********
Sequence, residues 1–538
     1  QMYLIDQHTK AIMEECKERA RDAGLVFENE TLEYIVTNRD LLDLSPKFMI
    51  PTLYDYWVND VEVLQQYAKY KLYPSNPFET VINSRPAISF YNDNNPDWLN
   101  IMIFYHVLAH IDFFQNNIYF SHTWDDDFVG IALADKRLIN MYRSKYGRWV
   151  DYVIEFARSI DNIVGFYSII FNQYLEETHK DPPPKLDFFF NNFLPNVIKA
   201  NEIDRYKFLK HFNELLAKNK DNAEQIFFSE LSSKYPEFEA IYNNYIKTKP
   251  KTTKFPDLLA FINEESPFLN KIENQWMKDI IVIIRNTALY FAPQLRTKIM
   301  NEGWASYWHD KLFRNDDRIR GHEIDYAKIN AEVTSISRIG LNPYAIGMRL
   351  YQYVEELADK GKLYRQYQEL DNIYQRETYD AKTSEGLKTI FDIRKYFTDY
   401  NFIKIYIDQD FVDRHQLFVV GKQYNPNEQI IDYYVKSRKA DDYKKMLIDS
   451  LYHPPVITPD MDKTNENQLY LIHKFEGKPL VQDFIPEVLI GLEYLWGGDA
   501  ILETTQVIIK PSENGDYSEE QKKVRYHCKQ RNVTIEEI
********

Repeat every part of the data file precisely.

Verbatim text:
Sequence, residues 1–538
     1  QMYLIDQHTK AIMEECKERA RDAGLVFENE TLEYIVTNRD LLDLSPKFMI
    51  PTLYDYWVND VEVLQQYAKY KLYPSNPFET VINSRPAISF YNDNNPDWLN
   101  IMIFYHVLAH IDFFQNNIYF SHTWDDDFVG IALADKRLIN MYRSKYGRWV
   151  DYVIEFARSI DNIVGFYSII FNQYLEETHK DPPPKLDFFF NNFLPNVIKA
   201  NEIDRYKFLK HFNELLAKNK DNAEQIFFSE LSSKYPEFEA IYNNYIKTKP
   251  KTTKFPDLLA FINEESPFLN KIENQWMKDI IVIIRNTALY FAPQLRTKIM
   301  NEGWASYWHD KLFRNDDRIR GHEIDYAKIN AEVTSISRIG LNPYAIGMRL
   351  YQYVEELADK GKLYRQYQEL DNIYQRETYD AKTSEGLKTI FDIRKYFTDY
   401  NFIKIYIDQD FVDRHQLFVV GKQYNPNEQI IDYYVKSRKA DDYKKMLIDS
   451  LYHPPVITPD MDKTNENQLY LIHKFEGKPL VQDFIPEVLI GLEYLWGGDA
   501  ILETTQVIIK PSENGDYSEE QKKVRYHCKQ RNVTIEEI